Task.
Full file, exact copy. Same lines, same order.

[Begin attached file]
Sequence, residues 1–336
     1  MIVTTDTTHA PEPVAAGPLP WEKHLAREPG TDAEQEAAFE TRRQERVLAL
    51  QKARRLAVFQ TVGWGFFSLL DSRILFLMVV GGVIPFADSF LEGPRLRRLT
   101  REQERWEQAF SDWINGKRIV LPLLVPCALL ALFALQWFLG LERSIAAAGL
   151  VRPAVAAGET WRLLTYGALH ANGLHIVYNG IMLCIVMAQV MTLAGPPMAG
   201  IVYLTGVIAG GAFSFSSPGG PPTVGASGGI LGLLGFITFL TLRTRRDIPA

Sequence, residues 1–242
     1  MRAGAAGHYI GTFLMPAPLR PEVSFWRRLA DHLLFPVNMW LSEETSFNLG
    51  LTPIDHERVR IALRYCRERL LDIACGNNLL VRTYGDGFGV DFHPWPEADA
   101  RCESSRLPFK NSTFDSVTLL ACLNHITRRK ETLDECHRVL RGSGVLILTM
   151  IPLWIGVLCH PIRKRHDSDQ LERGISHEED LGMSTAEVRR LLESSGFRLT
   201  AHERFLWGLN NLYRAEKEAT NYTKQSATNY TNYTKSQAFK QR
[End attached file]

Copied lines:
Sequence, residues 1–336
     1  MIVTTDTTHA PEPVAAGPLP WEKHLAREPG TDAEQEAAFE TRRQERVLAL
    51  QKARRLAVFQ TVGWGFFSLL DSRILFLMVV GGVIPFADSF LEGPRLRRLT
   101  REQERWEQAF SDWINGKRIV LPLLVPCALL ALFALQWFLG LERSIAAAGL
   151  VRPAVAAGET WRLLTYGALH ANGLHIVYNG IMLCIVMAQV MTLAGPPMAG
   201  IVYLTGVIAG GAFSFSSPGG PPTVGASGGI LGLLGFITFL TLRTRRDIPA

Sequence, residues 1–242
     1  MRAGAAGHYI GTFLMPAPLR PEVSFWRRLA DHLLFPVNMW LSEETSFNLG
    51  LTPIDHERVR IALRYCRERL LDIACGNNLL VRTYGDGFGV DFHPWPEADA
   101  RCESSRLPFK NSTFDSVTLL ACLNHITRRK ETLDECHRVL RGSGVLILTM
   151  IPLWIGVLCH PIRKRHDSDQ LERGISHEED LGMSTAEVRR LLESSGFRLT
   201  AHERFLWGLN NLYRAEKEAT NYTKQSATNY TNYTKSQAFK QR